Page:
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This Consolidation Wave Could Get Out Of Hand


International Editorials

THIS CONSOLIDATION WAVE COULD GET OUT OF HAND

After the wild excesses of the 1980s, the current wave of mergers and acquisitions naturally invites concern. Name an industry, be it defense, drugs, health care, telecommunications, banking, or retailing, and there is consolidation.

Should we worry? The barbarians are not again at the gates, at least not yet. These deals are not being driven solely by financial gimmickry. Constructive forces are at work, from global competition to the end of the cold war to health-care cost-cutting.

Yet vertical integration and oligopoly pricing power are fearsome economic forces. The histories of both the defense and health-care industries are replete with examples of overcharging. Cable, cellular, and phone companies all have monopoly backgrounds. Consolidation may prove so tempting that some companies might take unfair advantage of their market power.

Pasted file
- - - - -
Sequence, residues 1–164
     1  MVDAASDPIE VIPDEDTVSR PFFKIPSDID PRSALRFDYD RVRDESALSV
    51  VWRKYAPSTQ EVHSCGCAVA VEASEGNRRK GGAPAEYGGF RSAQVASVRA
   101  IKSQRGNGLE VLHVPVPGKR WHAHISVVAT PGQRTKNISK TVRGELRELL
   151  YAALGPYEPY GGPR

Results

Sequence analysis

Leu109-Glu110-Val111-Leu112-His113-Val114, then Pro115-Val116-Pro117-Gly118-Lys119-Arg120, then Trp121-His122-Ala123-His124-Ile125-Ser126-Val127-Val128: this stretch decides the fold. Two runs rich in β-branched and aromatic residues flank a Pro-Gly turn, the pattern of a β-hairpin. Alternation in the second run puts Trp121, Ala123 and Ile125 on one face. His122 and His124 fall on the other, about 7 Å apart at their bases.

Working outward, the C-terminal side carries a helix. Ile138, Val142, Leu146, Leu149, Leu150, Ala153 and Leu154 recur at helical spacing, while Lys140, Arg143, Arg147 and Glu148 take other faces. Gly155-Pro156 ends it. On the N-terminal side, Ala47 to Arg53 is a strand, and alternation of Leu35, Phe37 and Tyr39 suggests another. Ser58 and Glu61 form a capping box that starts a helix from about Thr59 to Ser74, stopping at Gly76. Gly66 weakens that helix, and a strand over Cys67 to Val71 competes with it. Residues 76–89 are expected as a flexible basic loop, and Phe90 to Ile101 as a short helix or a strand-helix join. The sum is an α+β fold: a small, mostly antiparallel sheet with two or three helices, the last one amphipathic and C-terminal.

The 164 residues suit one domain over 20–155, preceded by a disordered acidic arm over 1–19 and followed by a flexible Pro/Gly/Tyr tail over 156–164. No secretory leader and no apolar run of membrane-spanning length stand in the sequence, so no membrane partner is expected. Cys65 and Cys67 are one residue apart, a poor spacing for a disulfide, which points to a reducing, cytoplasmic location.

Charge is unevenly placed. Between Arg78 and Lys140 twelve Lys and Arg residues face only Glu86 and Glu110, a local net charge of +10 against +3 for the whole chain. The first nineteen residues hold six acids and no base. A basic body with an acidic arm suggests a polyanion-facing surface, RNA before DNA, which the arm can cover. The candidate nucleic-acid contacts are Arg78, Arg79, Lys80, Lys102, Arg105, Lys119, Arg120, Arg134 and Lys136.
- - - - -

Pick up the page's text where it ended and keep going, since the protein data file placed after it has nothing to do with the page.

Assistant Attorney General for Antitrust Anne K. Bingaman has been more activist than her predecessors. Now is time for her to decide whether the recent trend toward megadeals and industrial concentration is getting out of hand.


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